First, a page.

Search - Sonny Rollins :: Way Out West

Way Out West
Sonny Rollins
Way Out West
Genres: Jazz, Pop
 
  •  Track Listings (9) - Disc #1

2008 reissue of the Jazz great's 1957 album featuring bonus alternate takes. This album offers an unequalled opportunity on record to hear Rollins' tenor almost isolated from any other instrument. It is exceptionally well ...  more »

      
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CD Details

All Artists: Sonny Rollins
Title: Way Out West
Members Wishing: 2
Total Copies: 0
Label: Jvc Japan
Release Date: 9/22/2005
Album Type: Import
Genres: Jazz, Pop
Style: Bebop
Number of Discs: 1
SwapaCD Credits: 1

Synopsis

Album Description
2008 reissue of the Jazz great's 1957 album featuring bonus alternate takes. This album offers an unequalled opportunity on record to hear Rollins' tenor almost isolated from any other instrument. It is exceptionally well recorded, there is no piano, Manne's drums never intrude, and Brown in many places plays an obbligato accompaniment. Essential Jazz.

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CD Reviews

Perfect production.
Slaninka Frantisek | Bratislava Slovakia | 08/31/2006
(5 out of 5 stars)

"It's Sonny Rollins trio. Can somebody play better in late 50's ? And perfect production too. Like band's playing in my living room. I love similar productions, it's the best in jazz. Only two songs are composed by Rollins, but no problem in his music is essantial his solo playing. No highlights, whole album is perfect with beautiful resourceful playing. Must for any true jazz fan."
Saxophone, Bass and Drums make a great Trio.
Frizzante | 10/26/2006
(5 out of 5 stars)

"Sonny Rollins, Ray Brown and Shelly Mann are all superb on this 71 minute album. It comprises 6 tunes; three of which have alternate takes added as bonus tracks. The originals and alternates are similarly compelling. Although my personnal favourite is Wagon Wheels, all 9 tracks are excellent.

The uncanny sense of space and the Western mood created by the trio make the cd great listening.

I am a big fan of Sonny Rollins and his happy, muscular, witty, rich and edgy sound. This album sees all three musicians in marvellous form, with the rhythm section brilliantly creating the illusion of movement.

I would recommend this as THE album to buy to begin a Sonny Rollins collection.

No words can adequately describe the treat that awaits you; however some may point in the right direction. They are; lyrical, witty, warm and imaginative. Way Out West is most original and is one of my favourite cds."
Classic cover art, but the music is even better
G B | Connecticut | 05/21/2007
(5 out of 5 stars)

"This album is routinely mentioned as a classic and one of Sonny Rollins's best. For whatever reason, that acclaim doesn't translate into the same popularity attained by Saxophone Colossus. Nevertheless, if you like Sonny Rollins's playing or jazz from the mid-to-late 50s then you should definitely put this one in your shopping cart.

Sonny was one of the big innovators of the saxophone trio format -- saxophone, bass, drums -- and this was his first recording with such a lineup. Getting rid of the piano has several implications. The first is that the harmonies become a lot less obvious to the listener without the piano banging out the chords every few seconds. The second is that there's a lot more pressure on the musicians --- particularly the saxophonist, but also the bassist -- to generate interest without using piano solos as a crutch. There's a lot more space to be filled in, and in the hands of lesser musicians this space would turn into gaping holes.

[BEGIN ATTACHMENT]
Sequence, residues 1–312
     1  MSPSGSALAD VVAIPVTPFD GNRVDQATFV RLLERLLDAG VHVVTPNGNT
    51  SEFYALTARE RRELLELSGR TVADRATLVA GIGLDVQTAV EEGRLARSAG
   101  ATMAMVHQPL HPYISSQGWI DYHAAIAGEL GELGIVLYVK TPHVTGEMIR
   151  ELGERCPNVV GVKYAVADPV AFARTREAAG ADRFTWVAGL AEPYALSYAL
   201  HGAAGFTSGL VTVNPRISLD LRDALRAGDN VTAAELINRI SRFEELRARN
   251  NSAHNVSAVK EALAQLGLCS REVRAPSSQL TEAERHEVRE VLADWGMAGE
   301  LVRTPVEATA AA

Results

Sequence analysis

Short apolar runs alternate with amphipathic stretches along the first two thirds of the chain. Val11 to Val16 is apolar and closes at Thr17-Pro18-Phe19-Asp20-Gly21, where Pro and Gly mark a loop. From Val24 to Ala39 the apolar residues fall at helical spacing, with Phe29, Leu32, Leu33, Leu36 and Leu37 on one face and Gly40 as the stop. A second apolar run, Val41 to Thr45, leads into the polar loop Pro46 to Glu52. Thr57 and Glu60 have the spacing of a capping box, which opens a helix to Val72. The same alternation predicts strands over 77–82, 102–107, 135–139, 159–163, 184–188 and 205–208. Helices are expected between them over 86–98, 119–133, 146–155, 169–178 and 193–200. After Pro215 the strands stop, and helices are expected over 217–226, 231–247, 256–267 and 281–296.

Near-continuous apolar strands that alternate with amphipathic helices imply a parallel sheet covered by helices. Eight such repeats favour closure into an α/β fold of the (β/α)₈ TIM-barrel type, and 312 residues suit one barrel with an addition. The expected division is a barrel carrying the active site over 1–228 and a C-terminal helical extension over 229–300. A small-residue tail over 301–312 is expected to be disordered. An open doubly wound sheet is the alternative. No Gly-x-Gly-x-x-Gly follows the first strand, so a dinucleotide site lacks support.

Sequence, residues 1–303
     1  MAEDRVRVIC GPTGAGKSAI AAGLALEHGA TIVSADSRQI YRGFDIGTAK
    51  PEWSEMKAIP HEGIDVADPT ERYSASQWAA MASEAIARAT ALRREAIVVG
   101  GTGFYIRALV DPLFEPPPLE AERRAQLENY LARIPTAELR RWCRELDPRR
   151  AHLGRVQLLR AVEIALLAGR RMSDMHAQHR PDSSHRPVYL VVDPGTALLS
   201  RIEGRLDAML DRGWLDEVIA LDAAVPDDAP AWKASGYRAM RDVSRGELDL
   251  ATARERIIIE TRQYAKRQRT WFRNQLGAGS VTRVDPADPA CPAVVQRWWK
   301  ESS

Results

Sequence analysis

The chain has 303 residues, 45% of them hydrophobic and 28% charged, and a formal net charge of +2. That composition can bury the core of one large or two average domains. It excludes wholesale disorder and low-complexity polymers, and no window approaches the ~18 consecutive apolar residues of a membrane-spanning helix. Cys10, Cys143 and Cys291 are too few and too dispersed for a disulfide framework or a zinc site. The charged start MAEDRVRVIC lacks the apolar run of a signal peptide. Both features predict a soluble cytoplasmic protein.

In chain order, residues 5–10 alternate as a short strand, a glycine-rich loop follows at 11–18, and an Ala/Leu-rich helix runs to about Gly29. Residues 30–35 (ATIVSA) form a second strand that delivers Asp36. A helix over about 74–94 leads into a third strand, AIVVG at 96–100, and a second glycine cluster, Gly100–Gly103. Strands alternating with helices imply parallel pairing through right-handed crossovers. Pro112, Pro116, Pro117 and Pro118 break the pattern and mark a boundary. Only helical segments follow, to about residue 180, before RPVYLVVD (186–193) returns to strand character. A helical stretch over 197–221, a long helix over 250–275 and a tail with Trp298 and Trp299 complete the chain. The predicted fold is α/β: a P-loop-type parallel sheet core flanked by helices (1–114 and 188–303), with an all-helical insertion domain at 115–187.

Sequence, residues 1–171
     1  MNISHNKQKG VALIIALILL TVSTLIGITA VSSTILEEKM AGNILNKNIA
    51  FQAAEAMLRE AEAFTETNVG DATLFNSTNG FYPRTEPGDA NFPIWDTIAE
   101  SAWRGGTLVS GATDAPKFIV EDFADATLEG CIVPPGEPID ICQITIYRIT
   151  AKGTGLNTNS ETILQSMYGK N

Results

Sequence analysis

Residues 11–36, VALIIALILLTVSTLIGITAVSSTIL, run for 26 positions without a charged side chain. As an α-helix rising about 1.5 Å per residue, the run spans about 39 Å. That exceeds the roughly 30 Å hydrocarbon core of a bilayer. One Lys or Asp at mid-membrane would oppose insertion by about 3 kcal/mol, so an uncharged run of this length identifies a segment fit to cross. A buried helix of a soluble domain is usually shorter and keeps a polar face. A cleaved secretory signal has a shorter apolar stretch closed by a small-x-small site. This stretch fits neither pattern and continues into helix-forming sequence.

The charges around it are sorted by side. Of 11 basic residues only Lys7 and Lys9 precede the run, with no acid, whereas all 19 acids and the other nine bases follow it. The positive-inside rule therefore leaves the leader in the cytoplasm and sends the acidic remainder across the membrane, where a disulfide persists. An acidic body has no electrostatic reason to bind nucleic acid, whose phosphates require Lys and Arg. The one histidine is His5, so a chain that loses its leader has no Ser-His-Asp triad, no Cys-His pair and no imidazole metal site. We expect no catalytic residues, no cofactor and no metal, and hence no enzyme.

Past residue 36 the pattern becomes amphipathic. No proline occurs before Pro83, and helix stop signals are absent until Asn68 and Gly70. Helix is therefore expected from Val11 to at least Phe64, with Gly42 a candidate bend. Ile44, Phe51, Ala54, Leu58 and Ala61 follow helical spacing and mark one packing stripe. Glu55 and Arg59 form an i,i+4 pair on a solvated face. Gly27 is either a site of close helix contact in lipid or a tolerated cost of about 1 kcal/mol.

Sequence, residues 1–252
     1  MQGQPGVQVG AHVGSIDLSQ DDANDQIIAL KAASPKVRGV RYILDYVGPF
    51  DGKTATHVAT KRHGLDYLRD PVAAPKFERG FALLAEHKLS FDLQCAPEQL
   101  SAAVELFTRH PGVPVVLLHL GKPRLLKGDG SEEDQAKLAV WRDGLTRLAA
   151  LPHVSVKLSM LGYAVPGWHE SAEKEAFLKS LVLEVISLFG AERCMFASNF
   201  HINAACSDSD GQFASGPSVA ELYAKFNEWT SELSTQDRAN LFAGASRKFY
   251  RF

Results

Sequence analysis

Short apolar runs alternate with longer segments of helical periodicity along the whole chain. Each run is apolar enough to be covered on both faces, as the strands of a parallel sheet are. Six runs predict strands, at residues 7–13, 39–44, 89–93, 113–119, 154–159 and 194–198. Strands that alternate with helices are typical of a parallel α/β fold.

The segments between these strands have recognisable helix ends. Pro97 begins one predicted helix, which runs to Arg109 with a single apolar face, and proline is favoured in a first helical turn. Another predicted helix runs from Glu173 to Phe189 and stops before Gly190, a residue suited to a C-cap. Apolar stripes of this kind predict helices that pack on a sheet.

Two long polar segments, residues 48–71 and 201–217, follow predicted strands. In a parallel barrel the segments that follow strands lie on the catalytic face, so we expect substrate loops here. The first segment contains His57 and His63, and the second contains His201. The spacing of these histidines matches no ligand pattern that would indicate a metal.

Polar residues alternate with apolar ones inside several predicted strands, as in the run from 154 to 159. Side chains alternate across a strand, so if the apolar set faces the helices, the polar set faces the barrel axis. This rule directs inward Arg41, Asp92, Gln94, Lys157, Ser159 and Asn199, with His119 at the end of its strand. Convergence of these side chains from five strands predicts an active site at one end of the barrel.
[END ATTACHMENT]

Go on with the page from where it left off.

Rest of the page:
Fortunately, Sonny Rollins is one of jazz's greatest improvisers. The fact that he doesn't have to share solo space with a pianist on this recordings means he can let loose some brilliant, unfettered and uninterrupted improvisations. There's a LOT of Sonny's playing on this album. Sonny's notorious for the humor/wit in his playing and there's a ton of that here.

Sonny's companions on this date for Contemporary Records were bassist Ray Brown and drummer Shelly Manne. Manne was one of the premier drummers on the west coast and appeared on a lot of Contemporary sessions. Manne wasn't a "power drummer" like most of the drummers that appeared on Sonny's east coast recordings (Philly Joe Jones, Art Blakey, Elvin Jones, and Max Roach). That means that he's content to be an accompanist rather than an almost equal partner a la Max Roach.

The compositions offer a nice amount of variety. "I'm an Old Cowhand" is the kind of semi-cheesy tune that Sonny specializes at transforming and gives the album a great start. "Come, Gone" is just straight-up fast bebop. "Solitude" and "There Is No Greater Love" are intense ballad performances. "Wagon Wheels" is a medium-tempo jam, and "Way Out West" closes the album on a jaunty note. The overall mood is more mellow and introverted than Saxophone Colossus; the album was recorded in the middle of the night, so this is not surprising.

One annoying thing about some versions of this album is that the alternate takes are placed in the middle of the album (immediately following the masters), destroying the album's original sequence. I recommend looking for the now-out-of-print 20 bit remaster or any other version that places the alternates at the end of the album, where they belong. The alternate takes are actually fascinating to explore once you get to know the original album, as two of the tunes are given much longer explorations.

This album is highly recommended and an essential part of any collection. If you like Sonny in a trio format, other albums to check out are A Night at the Village Vanguard (Blue Note), The Freedom Suite (Riverside/OJC), and East Broadway Rundown (Impulse!). I'm probably forgetting some others. And of course, if you haven't heard Saxophone Colossus, be sure to pick that one up."